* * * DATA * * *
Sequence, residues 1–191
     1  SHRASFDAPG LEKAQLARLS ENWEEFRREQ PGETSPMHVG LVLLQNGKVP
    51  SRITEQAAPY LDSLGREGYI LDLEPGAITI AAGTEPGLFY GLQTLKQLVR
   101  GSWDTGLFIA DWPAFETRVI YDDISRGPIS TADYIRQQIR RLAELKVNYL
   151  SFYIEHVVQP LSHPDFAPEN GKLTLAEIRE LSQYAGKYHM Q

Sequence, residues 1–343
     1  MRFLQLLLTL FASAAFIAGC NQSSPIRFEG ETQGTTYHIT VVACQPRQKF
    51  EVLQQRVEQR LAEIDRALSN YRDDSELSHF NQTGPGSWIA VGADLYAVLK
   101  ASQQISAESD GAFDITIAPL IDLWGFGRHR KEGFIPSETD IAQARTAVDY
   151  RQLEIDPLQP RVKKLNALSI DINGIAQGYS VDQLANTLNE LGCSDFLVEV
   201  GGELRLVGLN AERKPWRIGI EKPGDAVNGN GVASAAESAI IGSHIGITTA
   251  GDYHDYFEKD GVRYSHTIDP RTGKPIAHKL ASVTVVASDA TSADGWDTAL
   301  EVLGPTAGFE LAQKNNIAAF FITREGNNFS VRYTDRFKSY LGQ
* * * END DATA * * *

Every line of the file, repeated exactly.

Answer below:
Sequence, residues 1–191
     1  SHRASFDAPG LEKAQLARLS ENWEEFRREQ PGETSPMHVG LVLLQNGKVP
    51  SRITEQAAPY LDSLGREGYI LDLEPGAITI AAGTEPGLFY GLQTLKQLVR
   101  GSWDTGLFIA DWPAFETRVI YDDISRGPIS TADYIRQQIR RLAELKVNYL
   151  SFYIEHVVQP LSHPDFAPEN GKLTLAEIRE LSQYAGKYHM Q

Sequence, residues 1–343
     1  MRFLQLLLTL FASAAFIAGC NQSSPIRFEG ETQGTTYHIT VVACQPRQKF
    51  EVLQQRVEQR LAEIDRALSN YRDDSELSHF NQTGPGSWIA VGADLYAVLK
   101  ASQQISAESD GAFDITIAPL IDLWGFGRHR KEGFIPSETD IAQARTAVDY
   151  RQLEIDPLQP RVKKLNALSI DINGIAQGYS VDQLANTLNE LGCSDFLVEV
   201  GGELRLVGLN AERKPWRIGI EKPGDAVNGN GVASAAESAI IGSHIGITTA
   251  GDYHDYFEKD GVRYSHTIDP RTGKPIAHKL ASVTVVASDA TSADGWDTAL
   301  EVLGPTAGFE LAQKNNIAAF FITREGNNFS VRYTDRFKSY LGQ